I started second-guessing my decision to schlep to Washington, DC for the March a few days after I booked my flight and made arrangements to stay with my cousin in Bethesda. This is the way I felt immediately after the election: I have never been a political activist, but jeez, at some point, one has to make a stand, right? So what was I waiting for? At the time I booked the flight, I felt absolutely confident now was the time.
And then they announced that there would be a march in Boston. So, why was I schlepping to Washington? Transportation to and from the march would be a nightmare, it was expensive, I didn’t know the city. It might be freezing cold or raining. Then there was talk about about tear gas and terrorism. Did I really want to be an activist? Would my presence make any difference? Where would I pee?
Where was that woman who just a few weeks earlier felt such a strong pull to fly to the nation’s capital to protest? I had no idea. I wished that I had not spent the money on the flight. I wanted to stay home.
But on the Thursday before the march, pink pussy hats started showing up everywhere—at my Soul Cycle class, at the supermarket, and one, knitted by a friend, showed up at my front door. As I wore my pussy hat around town on Friday, women I didn’t know started to give me the thumbs up, wishing me well, thanking me for traveling to Washington on their behalf, supporting me with their words and their actions.
And that is when I started to feel part of something big, and important, and I started to forget my anxiety. My plane to Washington, DC– like thousands of buses, trains, cars and planes around the country headed to DC on Friday–was filled women proudly donning pussy hats—just like me. I felt bound in a common cause, and so proud and excited be part of the beginning of this new movement.
On Saturday morning, when I walked down the streets near the Capital to get to the march with hundreds of thousands of others , and I saw all of their peaceful protests—in the form of pink knitted hats and painted signs—I knew I had done the right thing. This was the beginning of something big, and I was there to not only witness it, but to participate in it.
I talked to women on the plane, on the metro, walking down Independence Avenue. Remarkably, almost every woman I met, regardless of her age (including a woman in her 80s), had never done anything like this before. If there is one thing we can say about our new president, he has unwittingly given birth to this new sense of urgency, a new movement in women’s rights. So many of us in Washington, DC were protesting for the very first time, driven by the current misdirection of our country. Like me, they had come because they believe what a woman does with her uterus is her own business. Like me, they had come because they believe in equal pay for equal work. Like me, they had come because when they heard the video tape of our president talking about grabbing women by the pussy, they wanted to shout from the ceilings, “Who talks like that?”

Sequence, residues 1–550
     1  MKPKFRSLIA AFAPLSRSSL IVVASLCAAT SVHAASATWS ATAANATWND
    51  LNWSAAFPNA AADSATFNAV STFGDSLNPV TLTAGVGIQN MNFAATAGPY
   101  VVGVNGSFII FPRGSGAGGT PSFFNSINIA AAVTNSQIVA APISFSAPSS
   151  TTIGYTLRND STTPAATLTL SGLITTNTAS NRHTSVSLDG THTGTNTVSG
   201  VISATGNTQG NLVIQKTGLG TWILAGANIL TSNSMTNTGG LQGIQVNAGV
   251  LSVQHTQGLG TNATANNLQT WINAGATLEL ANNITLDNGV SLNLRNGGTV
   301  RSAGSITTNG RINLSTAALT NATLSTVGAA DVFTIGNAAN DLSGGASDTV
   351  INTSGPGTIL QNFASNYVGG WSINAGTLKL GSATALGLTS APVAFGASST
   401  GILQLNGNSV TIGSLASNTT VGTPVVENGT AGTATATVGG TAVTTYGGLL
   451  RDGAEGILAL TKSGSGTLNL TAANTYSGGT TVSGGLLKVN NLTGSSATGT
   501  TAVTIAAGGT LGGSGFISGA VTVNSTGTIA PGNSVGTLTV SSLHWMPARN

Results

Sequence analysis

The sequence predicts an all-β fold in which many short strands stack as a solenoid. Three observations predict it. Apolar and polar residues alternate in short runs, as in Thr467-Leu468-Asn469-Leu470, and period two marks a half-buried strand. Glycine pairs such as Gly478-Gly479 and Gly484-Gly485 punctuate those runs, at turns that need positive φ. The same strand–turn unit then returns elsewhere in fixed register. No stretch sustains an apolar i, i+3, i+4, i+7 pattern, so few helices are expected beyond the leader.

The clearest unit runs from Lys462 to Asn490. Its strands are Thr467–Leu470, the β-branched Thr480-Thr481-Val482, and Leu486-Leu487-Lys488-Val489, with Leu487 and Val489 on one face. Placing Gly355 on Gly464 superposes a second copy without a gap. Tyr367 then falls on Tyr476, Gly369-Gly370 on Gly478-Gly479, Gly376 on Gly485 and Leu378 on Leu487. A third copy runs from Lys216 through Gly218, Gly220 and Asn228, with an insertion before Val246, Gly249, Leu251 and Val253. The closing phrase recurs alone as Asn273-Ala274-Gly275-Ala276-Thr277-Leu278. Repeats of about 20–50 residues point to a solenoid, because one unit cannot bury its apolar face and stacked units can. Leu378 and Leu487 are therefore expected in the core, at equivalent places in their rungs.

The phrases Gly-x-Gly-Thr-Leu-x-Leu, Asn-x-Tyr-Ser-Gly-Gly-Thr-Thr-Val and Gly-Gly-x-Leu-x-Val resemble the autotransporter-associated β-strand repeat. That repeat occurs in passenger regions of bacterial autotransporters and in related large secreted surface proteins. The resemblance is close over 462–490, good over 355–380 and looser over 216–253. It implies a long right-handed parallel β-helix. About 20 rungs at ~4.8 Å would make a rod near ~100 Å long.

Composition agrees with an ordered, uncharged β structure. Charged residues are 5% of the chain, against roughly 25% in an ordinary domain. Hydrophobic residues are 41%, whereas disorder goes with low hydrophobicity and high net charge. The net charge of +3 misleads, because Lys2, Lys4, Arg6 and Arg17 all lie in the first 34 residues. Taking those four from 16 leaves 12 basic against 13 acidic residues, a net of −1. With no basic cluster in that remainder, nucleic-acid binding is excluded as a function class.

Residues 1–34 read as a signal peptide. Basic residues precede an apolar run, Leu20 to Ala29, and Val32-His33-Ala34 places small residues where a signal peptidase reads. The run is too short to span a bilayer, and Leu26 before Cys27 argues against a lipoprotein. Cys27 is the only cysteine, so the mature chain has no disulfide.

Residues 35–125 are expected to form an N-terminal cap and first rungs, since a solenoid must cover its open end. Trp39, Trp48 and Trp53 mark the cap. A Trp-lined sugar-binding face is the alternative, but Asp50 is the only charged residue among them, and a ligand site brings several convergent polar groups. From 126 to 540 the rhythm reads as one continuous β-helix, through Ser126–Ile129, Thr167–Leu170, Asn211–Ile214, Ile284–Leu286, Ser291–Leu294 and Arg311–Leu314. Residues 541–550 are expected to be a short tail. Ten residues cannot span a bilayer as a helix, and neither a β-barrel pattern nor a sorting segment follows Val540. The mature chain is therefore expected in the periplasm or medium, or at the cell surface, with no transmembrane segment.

We came because we believe in science and real facts, not “alternate facts” and opinion. We came because we felt our country’s moral core has been violated, and we needed—at least for once, to stand up for what we believe in, despite the anxiety of participating, or perhaps because of it. We came because we wanted to stand with other, like minded women.
And I came because I missed participating in the first women’s movement- content to simply reap the benefits of the hard works of others, and I sure as hell was not going to miss this second one.
Besides, protests can be fun, if not a little edgy…
Gloria Steinham said at the march -“the constitution does not start with ‘I, the President’. It starts with ‘We, the people’. I went to Washington, DC so I did not forget that I am one of the people, and what I think matters.
And for next time? There were porta potties a plenty. Never a reason to stay home.